Manufacturing Execution System – or MES – can come across as a rather generic term, but understanding the real meaning and implementing it in a factory is about as important as it gets for any manufacturing operation, wherever they are located and however big or small. Workflow is another generic, underrated term that often gets overlooked.
And let’s face it, MES and workflow certainly do not sound as exciting as the current buzzwords being used to engage the global manufacturing community. “Industry 4.0” and/or the “4th Industrial Revolution” are certainly more catchy terms and they need to be, because the definitions are, let’s say, unwieldy. Moreover, the prerequisite technological innovations that are driving towards the fulfilment of Industry 4.0 continue to develop at pace. These innovations also come with what can seem like buzzword labels due to their over- and often mis-use. Continuous development with Artificial Intelligence (AI), Industrial IoT (IIoT), additive manufacturing (AM) and cloud-based services and software are all enabling the vision of Industry 4.0 to edge closer to reality. We’re still not there though.
At Oqton, what we have discovered over the last couple of years is that one of the biggest problems that manufacturers face is the overwhelming nature and speed of technological developments. This coupled with equally overwhelming volumes of information telling them what they need to do to keep up can often have the opposite effect and result in a state of stasis: a sort of “if it’s not broken, don’t fix it” attitude.
This is understandable for a number of reasons, not least the fact that manufacturing technology selection — whether hardware, software and data services (for collection, storage, analysis) — is daunting, often expensive and requires new skills/expertise.
Another challenge for manufacturers is the fragmented nature of these technological developments — a decision to invest in AM for a specific production application, for example, can derive significant benefits in terms of producing complex geometries that cannot be made any other way, increased product functionality and value, materials, customization and production lead times (compared with tooling for injection moulding). These benefits of AM, for a growing number of applications, are today undeniable. However, implementing any given AM system hardware and software into an existing manufacturing operation is far from simple and the often-overlooked reality is that AM will rarely be used as a singular production method, rather it will be used as a manufacturing tool alongside other manufacturing tools. Compatibility with existing manufacturing infrastructure is problematic to say the least, software interoperability is also a huge issue.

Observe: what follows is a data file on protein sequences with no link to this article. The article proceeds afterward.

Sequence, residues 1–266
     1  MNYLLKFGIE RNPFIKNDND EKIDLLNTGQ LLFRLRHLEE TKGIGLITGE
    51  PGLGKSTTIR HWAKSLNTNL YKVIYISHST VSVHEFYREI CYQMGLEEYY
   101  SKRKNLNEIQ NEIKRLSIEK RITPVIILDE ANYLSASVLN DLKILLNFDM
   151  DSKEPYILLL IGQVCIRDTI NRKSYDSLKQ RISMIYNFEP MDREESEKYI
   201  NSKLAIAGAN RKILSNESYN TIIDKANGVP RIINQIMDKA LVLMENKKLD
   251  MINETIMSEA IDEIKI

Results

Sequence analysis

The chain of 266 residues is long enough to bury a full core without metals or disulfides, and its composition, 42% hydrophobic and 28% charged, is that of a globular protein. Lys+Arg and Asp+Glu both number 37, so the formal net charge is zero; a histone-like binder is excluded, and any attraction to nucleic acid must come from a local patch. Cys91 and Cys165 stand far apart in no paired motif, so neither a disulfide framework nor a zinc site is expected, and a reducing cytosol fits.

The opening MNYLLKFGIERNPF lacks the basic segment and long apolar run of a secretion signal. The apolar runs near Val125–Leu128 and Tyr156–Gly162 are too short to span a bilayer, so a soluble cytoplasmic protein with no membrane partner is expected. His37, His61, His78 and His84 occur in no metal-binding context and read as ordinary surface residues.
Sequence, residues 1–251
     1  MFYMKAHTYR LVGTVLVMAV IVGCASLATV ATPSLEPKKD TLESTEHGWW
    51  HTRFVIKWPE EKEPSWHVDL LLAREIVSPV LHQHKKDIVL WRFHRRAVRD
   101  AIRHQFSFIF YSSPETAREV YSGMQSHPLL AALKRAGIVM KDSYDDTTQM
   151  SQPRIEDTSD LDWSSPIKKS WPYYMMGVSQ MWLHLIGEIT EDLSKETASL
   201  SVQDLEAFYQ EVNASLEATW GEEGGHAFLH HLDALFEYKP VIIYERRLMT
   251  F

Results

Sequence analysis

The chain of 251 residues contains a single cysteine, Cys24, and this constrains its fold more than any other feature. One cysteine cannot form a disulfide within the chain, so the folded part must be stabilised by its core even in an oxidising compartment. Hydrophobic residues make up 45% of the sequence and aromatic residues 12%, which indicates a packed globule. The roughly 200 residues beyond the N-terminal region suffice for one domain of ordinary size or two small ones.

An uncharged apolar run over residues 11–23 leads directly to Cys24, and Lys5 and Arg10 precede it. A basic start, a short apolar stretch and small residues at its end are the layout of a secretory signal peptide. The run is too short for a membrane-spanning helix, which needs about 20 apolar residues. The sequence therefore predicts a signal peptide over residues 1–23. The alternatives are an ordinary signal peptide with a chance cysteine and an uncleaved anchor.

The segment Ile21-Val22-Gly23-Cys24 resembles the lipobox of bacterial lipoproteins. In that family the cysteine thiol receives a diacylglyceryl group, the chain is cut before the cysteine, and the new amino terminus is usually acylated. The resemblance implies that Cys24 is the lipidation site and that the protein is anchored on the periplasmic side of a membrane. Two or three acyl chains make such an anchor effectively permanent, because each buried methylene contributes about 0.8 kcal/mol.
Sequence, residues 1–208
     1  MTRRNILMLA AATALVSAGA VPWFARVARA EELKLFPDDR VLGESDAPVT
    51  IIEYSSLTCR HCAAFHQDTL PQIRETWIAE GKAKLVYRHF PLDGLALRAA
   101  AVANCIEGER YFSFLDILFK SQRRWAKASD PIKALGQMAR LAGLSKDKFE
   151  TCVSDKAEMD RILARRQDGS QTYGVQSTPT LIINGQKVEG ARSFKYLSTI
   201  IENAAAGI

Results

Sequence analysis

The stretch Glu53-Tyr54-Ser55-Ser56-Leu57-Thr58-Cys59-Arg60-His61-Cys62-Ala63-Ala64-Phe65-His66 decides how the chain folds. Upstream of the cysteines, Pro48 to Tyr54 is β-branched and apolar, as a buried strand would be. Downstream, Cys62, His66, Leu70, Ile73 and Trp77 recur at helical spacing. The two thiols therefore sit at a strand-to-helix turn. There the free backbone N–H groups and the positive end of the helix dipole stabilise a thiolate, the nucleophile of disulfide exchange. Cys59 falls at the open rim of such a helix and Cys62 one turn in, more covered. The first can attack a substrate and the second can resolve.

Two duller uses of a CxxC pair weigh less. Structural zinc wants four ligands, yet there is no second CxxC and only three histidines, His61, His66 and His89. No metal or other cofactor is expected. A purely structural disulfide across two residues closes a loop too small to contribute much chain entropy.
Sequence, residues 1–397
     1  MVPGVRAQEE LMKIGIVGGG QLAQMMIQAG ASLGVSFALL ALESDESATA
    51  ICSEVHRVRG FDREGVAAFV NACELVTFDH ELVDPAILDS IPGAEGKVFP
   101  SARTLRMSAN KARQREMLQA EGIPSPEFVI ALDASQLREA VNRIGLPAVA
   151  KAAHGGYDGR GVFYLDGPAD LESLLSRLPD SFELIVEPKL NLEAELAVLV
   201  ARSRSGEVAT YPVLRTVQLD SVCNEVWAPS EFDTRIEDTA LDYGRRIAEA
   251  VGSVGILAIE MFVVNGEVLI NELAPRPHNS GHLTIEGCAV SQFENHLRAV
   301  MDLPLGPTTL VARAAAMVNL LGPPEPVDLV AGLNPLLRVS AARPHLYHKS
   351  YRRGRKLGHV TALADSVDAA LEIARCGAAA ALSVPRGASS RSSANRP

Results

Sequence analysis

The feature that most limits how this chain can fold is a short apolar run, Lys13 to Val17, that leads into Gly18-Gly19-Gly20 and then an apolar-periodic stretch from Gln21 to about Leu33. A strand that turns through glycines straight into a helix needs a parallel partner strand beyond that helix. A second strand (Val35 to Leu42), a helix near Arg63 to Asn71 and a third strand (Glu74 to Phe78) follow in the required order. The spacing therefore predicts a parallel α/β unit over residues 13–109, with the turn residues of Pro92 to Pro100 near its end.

Connectivity is the key
Connectivity is absolutely the key here and on two levels. First, connectivity at the macro level enabling the synchronisation of technological innovations rather than siloed innovations that actually cause more issues than they solve. Second, connectivity at the micro level — on the factory floor (or floors for manufacturing operations with multiple, remote locations), where different technologies will be running at the same location, alongside multiple post-processing and ancillary equipment.
This is precisely why Oqton was founded. **To make — and enable — these connections, intelligently**. We really do have some incredibly intelligent minds working on this — people with unprecedented levels of expertise across the fields of AI and machine learning, IIoT, software development and big data, AM and traditional manufacturing. The point being that they all buy into the big picture and have worked to develop an end-to-end connected platform that provides a powerful MES that can seamlessly connect all the different components of any manufacturing operation.
So, what can the Oqton MES actually do?
The fully cloud-based IIoT platform, with an API infrastructure, connects all of the factory equipment, which includes additive, traditional and any post-processing hardware, allowing for complete control by operators and oversight by management across discrete and remote facilities. It is hard to overstate the increased operational workflow efficiencies and overall productivity that can be gained here by facilitating improved planning, scheduling and logistics from initial design right through to post-processing.
Connects all of the factory equipment
Beyond the connectivity, though, the system has intelligence built in that is capable of leveraging the power of AI technology to capture the expert knowledge required to run any manufacturing machines, including AM machines, thereby simplifying, streamlining and automating repetitive tasks and complex workflows. This intelligence extends even further for additive manufacturing specific applications, with data preparation and build support algorithms that can produce the most effective lattice structures based on machine learning capabilities.
Oqton is committed to delivering a system that unequivocally supports its clients in executing their manufacturing operations in a more connected, intelligent and automated way. You should challenge us ….
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